In his June 2006 article entitled “Investing in the 21st Century: With Occam’s Razor and Bogle’s Wit”, Javier Estrada evaluates the long-term forecasting abilities of two simple models over 10-year periods during 1973-2005. He then uses them to predict the returns for 12 country stock markets (Australia, Belgium, Canada, Denmark, France, Germany, Ireland, Japan, Netherlands, Switzerland, UK, USA) for 2006-2015. *He finds that:*

The author’s Returns Decomposition Model considers the following four variables: the initial dividend yield; the expected growth of dividends; the expected growth of earnings; and, the expected change in the price-earnings ratio (P/E). It assumes that the mean annual compound growth rates for earnings and dividends over each forecasted 10-year period revert to the rates experienced from 1973 to the beginning of each prediction period. For P/E, it addresses three scenarios: (1) P/E at the end of each forecasted 10-year period reverts to the average P/E between 1973 and the beginning of each prediction period; (2) P/E remains constant at each initial value throughout the prediction period; and, (3) P/E at the end of each forecasted period is the average of the mean P/E over the five years before the prediction is made, and the mean P/E between 1973 and the beginning of those five years.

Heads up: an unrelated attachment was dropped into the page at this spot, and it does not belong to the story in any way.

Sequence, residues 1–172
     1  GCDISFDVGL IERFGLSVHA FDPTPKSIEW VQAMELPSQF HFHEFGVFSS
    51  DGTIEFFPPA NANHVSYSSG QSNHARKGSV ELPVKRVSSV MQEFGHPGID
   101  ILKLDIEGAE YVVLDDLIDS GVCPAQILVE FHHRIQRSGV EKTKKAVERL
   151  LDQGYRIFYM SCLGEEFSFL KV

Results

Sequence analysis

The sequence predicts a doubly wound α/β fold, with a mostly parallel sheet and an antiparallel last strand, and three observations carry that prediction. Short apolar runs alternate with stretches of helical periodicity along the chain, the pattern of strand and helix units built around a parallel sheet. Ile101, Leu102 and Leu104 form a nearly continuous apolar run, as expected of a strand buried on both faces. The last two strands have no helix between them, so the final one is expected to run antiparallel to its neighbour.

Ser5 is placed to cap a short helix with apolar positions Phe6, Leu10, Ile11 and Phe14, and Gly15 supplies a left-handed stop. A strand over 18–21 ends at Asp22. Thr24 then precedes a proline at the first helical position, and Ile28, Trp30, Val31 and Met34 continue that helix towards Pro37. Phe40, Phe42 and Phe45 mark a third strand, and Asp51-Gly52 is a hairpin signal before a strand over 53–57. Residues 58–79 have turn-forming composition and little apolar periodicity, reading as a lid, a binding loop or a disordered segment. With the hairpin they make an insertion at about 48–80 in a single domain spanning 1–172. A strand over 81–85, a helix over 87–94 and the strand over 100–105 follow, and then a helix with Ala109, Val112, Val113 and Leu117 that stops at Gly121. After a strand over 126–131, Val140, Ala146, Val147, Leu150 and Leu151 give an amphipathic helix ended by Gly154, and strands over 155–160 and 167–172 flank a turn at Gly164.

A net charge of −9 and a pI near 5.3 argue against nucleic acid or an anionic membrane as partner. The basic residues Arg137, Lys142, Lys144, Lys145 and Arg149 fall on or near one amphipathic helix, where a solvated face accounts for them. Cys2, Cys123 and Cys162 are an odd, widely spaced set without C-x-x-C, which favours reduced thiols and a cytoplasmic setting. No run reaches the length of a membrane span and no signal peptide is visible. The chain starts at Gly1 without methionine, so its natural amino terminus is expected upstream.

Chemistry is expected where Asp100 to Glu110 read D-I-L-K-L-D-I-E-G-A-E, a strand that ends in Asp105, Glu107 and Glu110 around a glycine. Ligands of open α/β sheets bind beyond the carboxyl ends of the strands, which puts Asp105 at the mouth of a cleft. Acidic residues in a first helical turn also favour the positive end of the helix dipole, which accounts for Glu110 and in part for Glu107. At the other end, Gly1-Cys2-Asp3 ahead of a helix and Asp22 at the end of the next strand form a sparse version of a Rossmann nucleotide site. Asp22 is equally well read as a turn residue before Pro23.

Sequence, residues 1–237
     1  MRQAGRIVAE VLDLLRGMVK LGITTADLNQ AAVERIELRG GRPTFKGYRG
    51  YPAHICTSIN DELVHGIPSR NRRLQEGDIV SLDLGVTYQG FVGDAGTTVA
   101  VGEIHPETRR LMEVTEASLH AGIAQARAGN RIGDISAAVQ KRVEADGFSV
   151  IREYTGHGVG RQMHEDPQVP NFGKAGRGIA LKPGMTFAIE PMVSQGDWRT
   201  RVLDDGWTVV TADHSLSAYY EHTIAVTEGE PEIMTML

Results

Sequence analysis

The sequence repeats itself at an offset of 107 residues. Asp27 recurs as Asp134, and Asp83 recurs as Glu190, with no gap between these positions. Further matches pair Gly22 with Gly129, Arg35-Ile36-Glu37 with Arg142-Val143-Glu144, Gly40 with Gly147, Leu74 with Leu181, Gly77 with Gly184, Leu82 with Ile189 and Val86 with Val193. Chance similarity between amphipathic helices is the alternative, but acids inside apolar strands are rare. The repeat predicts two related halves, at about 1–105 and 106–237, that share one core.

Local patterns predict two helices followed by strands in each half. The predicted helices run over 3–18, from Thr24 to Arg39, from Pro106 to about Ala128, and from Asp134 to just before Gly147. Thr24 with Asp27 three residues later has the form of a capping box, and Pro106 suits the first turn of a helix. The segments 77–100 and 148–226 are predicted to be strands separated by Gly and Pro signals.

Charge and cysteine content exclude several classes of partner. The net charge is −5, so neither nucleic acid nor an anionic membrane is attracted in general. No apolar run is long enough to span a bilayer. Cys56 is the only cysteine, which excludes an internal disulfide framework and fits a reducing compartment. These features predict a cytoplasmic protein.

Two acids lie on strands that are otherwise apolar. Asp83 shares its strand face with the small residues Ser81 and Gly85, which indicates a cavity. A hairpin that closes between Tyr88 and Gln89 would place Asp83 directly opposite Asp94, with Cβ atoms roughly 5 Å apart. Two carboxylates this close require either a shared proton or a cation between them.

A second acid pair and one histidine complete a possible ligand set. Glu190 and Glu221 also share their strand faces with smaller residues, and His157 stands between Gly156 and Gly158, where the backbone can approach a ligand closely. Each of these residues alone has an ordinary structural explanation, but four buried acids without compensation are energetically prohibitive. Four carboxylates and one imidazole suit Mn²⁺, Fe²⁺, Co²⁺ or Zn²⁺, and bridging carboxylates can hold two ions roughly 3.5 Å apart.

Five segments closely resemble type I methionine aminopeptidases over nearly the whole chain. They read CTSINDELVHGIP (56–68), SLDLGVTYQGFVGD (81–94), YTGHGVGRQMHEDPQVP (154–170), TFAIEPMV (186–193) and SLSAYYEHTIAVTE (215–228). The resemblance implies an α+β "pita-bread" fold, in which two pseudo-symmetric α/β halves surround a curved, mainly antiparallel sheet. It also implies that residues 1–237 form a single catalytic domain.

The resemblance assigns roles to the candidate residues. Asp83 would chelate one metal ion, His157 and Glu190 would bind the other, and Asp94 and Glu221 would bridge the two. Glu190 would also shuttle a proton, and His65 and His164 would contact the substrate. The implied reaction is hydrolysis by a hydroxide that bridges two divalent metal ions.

The author’s Price Decomposition Model simplifies the above approach, using only the expected growth of earnings; and, the expected change in P/E to predict equity returns.

- The Returns Decomposition Model produces somewhat more accurate in-sample forecasts than does the Price Decomposition Model.
- Forecasts assuming the mean reversion of P/E produce higher correlations with actual data, but also higher mean forecast errors and higher mean absolute forecast errors.
- The models work well in some countries (including the U.S.), but poorly in others (such as Japan).
- The nominal mean annual compound rates of return for the 12 countries predicted over 2006-2015 range from 4.8% (Japan) to 13.9% (Denmark), with an average of 9.3%. The expectation for the U.S. is 8.8%.

The following chart, constructed from data in the paper, shows the nominal mean annual compound rates of return predicted over 2006-2015 for all 12 countries.

In summary, *the author forecasts annual worldwide equity returns in the high single digits over the coming decade.*